A new study published by the scientific journal Addiction reveals that the incidence of neonatal abstinence syndrome – often caused by mothers using opioids during pregnancy – is increasing in the United States, and carries an enormous burden in terms of hospital days and costs.
The number of US hospital admissions involving neonatal abstinence syndrome increased more than fourfold between the years 2003 and 2012. In 2012, neonatal abstinence syndrome cost nearly $316 million in the United States.
Neonatal abstinence syndrome (NAS) is a constellation of symptoms that occur in newborn infants exposed to addictive illegal or prescription drugs in utero. Infants affected by NAS typically show a number of neurological symptoms and behaviors (e.g., tremors, seizures) as well as poor feeding and gastrointestinal dysfunction. Standard management of NAS involves the administration of opioids for opioid withdrawal, with additional medications for stubborn cases or instances of multi-drug exposure. This drug administration has been performed traditionally in the hospital setting, consuming valuable and finite hospital resources.
In this study, researchers measured the inflation-adjusted health care provider costs and length of hospital stay for almost 28,000 infants with NAS, compared with over 3 million infants without NAS. They found that between 2003 and 2012, NAS admissions increased more than fourfold, resulting in a surge in annual costs from $61 million and 67,869 hospital days in 2003 to nearly $316 million and 291,168 hospital days in 2012. For an infant affected by NAS, the hospital stay was nearly 3.5 times as long (16.57 hospital days compared with 4.98 days for a non-NAS patient) and the costs more than three times greater ($16,893 compared with $5,610 for a non-affected infant).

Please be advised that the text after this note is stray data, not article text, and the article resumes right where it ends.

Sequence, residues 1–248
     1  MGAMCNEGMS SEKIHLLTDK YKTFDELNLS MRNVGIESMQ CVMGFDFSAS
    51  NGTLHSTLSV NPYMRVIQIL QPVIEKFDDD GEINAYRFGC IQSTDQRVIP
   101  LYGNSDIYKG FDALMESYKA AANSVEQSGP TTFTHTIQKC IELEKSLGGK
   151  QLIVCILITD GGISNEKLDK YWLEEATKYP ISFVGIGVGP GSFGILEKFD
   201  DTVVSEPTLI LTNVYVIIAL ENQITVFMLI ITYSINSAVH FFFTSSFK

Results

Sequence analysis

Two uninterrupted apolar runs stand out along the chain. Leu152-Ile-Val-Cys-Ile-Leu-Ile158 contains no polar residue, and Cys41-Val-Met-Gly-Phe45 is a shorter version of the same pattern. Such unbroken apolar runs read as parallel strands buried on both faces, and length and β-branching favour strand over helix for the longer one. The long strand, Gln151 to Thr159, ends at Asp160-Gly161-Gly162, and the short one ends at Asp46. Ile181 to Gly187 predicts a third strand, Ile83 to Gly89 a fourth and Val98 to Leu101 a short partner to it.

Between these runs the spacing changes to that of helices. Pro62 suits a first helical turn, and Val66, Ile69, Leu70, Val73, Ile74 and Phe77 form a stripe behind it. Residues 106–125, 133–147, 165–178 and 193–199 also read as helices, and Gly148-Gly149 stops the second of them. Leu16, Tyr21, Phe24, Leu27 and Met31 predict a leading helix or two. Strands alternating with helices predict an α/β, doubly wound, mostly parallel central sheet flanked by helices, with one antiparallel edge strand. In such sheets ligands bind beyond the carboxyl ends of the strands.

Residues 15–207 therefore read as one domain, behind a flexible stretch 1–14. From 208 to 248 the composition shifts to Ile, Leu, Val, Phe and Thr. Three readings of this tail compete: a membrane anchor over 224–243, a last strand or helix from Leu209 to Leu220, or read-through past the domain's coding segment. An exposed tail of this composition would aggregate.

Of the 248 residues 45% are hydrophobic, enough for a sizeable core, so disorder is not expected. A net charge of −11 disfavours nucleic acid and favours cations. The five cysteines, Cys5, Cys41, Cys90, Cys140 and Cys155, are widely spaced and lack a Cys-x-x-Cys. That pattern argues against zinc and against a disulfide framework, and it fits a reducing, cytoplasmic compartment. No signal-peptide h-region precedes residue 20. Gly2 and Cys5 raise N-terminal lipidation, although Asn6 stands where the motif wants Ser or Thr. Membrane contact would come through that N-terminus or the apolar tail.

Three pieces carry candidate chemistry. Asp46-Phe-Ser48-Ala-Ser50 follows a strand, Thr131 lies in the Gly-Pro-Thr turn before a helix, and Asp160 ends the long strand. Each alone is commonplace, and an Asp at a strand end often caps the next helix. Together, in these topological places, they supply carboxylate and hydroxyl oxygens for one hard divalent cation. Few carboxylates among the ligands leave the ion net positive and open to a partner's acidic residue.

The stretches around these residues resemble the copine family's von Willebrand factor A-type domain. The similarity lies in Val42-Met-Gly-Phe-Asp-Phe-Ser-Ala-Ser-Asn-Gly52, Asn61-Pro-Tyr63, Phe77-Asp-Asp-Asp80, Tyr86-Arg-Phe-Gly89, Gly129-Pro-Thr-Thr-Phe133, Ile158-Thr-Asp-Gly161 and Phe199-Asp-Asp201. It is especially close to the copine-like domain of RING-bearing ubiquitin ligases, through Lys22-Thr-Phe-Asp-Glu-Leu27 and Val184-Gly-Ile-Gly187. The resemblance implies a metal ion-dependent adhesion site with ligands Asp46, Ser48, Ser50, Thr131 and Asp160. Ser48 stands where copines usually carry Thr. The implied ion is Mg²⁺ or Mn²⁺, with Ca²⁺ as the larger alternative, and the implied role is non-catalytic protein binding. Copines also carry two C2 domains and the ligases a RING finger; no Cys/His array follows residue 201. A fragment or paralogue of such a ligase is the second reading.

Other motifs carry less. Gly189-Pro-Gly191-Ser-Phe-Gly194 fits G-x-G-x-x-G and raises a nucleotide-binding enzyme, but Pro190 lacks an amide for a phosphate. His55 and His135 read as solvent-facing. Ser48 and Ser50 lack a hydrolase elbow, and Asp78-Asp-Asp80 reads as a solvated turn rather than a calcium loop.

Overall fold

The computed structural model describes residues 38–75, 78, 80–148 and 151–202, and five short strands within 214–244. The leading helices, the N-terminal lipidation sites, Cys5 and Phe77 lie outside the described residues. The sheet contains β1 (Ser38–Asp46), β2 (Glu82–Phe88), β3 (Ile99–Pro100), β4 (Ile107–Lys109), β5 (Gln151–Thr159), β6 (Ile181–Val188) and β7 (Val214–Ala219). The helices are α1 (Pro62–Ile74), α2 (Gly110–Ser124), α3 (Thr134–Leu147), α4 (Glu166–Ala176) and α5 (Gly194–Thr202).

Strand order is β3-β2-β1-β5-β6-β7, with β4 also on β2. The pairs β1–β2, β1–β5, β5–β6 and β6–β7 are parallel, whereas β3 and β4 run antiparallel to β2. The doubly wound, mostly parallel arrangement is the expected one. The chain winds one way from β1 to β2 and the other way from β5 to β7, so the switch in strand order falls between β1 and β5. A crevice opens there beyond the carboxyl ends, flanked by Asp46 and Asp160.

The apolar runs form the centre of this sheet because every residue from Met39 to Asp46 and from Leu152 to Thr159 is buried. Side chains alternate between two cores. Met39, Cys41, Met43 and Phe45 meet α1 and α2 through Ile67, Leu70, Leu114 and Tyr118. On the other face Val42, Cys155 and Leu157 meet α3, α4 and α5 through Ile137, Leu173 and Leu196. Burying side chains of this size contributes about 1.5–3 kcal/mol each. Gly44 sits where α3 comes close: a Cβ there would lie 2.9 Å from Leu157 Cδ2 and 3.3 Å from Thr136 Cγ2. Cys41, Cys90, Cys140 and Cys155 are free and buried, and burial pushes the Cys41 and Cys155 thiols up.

In an era of increasingly constrained health-care resources, the rising incidence of NAS has significant implications for policymakers, hospital administrators and health care providers nation-wide. Increased public health initiatives are needed to target, educate and provide resources for women of reproductive age to decrease in utero drug exposure.
Additionally, given the large variation in screening and treatment of NAS, further study is needed to determine the most effective assessment and management strategies, with a focus on developing therapeutic plans that offer more cost-efficient management of NAS.
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